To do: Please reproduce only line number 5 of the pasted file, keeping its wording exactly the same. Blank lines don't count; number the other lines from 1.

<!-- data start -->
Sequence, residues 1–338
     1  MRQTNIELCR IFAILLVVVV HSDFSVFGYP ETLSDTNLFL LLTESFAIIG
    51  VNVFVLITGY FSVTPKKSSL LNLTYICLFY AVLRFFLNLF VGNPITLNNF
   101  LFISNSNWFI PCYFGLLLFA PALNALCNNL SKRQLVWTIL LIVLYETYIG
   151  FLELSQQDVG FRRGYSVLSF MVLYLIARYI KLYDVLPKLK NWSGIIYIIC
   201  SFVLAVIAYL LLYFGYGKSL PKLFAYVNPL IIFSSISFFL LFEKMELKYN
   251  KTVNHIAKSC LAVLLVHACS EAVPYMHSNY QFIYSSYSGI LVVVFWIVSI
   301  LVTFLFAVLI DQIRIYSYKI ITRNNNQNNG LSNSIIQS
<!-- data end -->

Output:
   151  FLELSQQDVG FRRGYSVLSF MVLYLIARYI KLYDVLPKLK NWSGIIYIIC